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March 2016 Archives

IRS urged to return wrongly seized money to citizens

Georgia residents may have heard about lawmakers who sent a letter to the Internal Revenue Service commissioner, the U.S. attorney general and the secretary of the Treasury regarding the return of funds that were wrongly seized from taxpayers in certain civil asset forfeitures. The letter originated from the members of the House Ways and Means Oversight Subcommittee under the direction of the subcommittee chairman and a ranking member.

Tips on how to handle an IRS audit

Georgia residents who have received an audit letter from the Internal Revenue Service may be wondering what it means. While the letter may not indicate a person is guilty of tax fraud, it also should not be ignored.

Learning more about federal taxes in Georgia

According to figures from the National Taxpayers Union, Americans spent 3.8 billion hours completing tax paperwork in 2009. The tax code is almost 4 million words long. While most people are happy to get a tax refund, going through W-2s and other tax forms is not what most taxpayers consider to be fun. On average, four out of every five taxpayers gets a refund, which commonly goes toward investments or a vacation.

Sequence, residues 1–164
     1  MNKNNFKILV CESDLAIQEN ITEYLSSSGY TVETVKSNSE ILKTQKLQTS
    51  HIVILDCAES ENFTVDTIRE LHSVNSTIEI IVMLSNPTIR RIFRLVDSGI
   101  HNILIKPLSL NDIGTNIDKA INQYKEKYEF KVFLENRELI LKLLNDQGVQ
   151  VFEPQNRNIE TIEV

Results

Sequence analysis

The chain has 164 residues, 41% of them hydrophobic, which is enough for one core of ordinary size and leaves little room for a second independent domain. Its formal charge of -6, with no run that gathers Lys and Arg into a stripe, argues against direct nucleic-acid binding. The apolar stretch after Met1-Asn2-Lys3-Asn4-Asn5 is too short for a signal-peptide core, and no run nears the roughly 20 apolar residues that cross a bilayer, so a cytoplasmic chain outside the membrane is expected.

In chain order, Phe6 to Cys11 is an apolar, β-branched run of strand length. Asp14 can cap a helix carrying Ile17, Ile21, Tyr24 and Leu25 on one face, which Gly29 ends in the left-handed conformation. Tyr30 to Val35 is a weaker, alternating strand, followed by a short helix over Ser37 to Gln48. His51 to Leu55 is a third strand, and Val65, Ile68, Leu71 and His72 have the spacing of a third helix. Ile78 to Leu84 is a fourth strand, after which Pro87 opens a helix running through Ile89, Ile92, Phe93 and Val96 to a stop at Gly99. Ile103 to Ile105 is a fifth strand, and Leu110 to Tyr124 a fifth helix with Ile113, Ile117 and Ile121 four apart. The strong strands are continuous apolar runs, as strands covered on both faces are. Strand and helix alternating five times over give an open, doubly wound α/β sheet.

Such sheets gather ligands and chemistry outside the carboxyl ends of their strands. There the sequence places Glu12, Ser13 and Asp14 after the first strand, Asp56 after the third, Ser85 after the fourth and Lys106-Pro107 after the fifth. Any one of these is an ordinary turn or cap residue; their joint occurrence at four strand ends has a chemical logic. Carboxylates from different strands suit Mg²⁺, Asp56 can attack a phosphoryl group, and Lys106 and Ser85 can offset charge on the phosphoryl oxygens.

The tax rates of wealthy Americans

Georgia residents likely know that the United States has what is known as a progressive tax system. This means that wealthy individuals are required to pay a higher rate of income tax than those who are less fortunate, but this is offset by a number of exemptions and exclusions that reduce the amount of taxes paid by the rich. Politicians sometimes call for a return to top income tax rates of 70 percent or more, but many of the nation's wealthiest individuals pay no income tax at all.

Correspondence audits on the increase

Georgia taxpayers who earn more than $1 million per year may be less likely to face an in-person or field IRS audit but might be significantly more likely to be audited by mail, also known as a correspondence audit. The IRS has always focused on auditing taxpayers with higher incomes, but it has shifted its focus to correspondence audits. This is in part due to a drop in staffing at the agency. Correspondence audits are less costly.

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